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UBC Theses and Dissertations

The revolt against materialism in English psychology, 1875-1910 MacDonald, Donald Alexander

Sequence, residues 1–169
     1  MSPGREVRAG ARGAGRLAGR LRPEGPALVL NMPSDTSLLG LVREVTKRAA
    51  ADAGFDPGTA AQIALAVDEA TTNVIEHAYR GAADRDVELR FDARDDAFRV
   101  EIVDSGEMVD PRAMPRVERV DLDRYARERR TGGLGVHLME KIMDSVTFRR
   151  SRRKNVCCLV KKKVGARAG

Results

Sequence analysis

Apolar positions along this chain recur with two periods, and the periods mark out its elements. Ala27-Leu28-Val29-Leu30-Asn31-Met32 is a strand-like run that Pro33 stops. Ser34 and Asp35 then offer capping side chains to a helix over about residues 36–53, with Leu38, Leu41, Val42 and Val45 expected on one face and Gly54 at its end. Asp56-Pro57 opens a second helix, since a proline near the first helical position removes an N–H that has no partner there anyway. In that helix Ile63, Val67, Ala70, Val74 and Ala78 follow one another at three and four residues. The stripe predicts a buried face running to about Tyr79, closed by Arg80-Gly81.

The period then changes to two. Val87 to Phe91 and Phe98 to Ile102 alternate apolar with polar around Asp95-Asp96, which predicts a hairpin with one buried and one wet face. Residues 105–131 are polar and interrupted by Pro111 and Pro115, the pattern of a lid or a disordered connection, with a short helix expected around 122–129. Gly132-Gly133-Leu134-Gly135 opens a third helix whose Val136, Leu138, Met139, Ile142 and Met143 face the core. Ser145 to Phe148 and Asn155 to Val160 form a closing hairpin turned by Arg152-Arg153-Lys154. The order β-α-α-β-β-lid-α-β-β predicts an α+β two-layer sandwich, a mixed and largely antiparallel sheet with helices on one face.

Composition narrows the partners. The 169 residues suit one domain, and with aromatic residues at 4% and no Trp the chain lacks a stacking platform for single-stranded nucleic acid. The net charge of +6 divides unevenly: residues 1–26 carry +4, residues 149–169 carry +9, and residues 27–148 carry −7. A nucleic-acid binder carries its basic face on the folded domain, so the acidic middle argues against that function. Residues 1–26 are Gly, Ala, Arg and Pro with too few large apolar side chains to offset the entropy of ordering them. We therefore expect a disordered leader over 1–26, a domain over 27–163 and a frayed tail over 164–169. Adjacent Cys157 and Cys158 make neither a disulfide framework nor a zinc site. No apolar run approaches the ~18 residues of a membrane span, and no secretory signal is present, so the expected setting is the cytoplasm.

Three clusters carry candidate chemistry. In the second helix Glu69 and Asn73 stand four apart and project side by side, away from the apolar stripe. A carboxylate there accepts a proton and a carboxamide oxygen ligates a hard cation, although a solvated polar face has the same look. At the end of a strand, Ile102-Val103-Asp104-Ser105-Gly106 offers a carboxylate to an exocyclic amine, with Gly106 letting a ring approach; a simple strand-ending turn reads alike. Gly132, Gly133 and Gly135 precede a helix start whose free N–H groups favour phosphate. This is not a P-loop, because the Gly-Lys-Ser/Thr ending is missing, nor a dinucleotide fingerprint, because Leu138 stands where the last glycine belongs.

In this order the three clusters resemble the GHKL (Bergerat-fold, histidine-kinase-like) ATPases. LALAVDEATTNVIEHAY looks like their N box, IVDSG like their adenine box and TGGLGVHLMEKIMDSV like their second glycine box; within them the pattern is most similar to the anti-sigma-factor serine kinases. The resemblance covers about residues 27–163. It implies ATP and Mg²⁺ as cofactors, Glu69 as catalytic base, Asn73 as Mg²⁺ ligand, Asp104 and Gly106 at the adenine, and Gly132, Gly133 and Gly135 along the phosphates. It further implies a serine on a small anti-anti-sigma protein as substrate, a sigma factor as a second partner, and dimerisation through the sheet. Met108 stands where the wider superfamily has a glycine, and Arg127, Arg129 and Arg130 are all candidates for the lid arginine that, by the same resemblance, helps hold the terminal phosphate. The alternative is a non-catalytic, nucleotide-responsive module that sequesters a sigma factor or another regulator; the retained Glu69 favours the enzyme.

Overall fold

The accepted view of Late Victorian psychology suggests that it avoided a commitment to a scientific framework because of the influence of Idealist philosophy. This study represents an attempt to show that both moral considerations and the recognition of the positive role which the human mind plays in organizing sense data favoured the abandonment of certain assumptions inherent in Positivism and Naturalism. In essence, the problem faced by Late Victorian psychologists was how to explain consciousness as a natural phenomenon. The most important sources of information used in this study were the text books of James Ward, James Sully and G.F. Stout. In addition, their articles on psychological topics, published in academic journals, were of considerable value; and in particular, the British journal, Mind proved useful. In an address to the British Association for the Advancement of Science, Thomas Henry Huxley presented the "doctrine of conscious automatism," which described human behavior as a result solely of external sensations without the intervention of consciousness. The psychologist, James Ward, attacked the materialist influence upon psychology and Naturalism in general. Ward took the position that the laws of science were only mathematical generalizations and thus were not always applicable to single instances. Evolution, he believed, gave evidence of the workings of a Supernatural Power. In man, the influence of the Power was shown by a need to fulfill a moral ideal. Another Late Victorian psychologist, James Sully, tried to adhere more firmly to the Positivist tradition. Following a suggestion of Herbert Spencer's, Sully tried to explain morals as the end product of mankind's evolutionary development. The final psychologist treated in this study, George Frederick Stout also recognized the importance of subjective factors in a man's perceptions and judgments. Stout adopted Avenarius' theory that all thought served as a form of biological adjustment to the environment. In this way, Stout showed how consciousness could be studied as a natural phenomenon.

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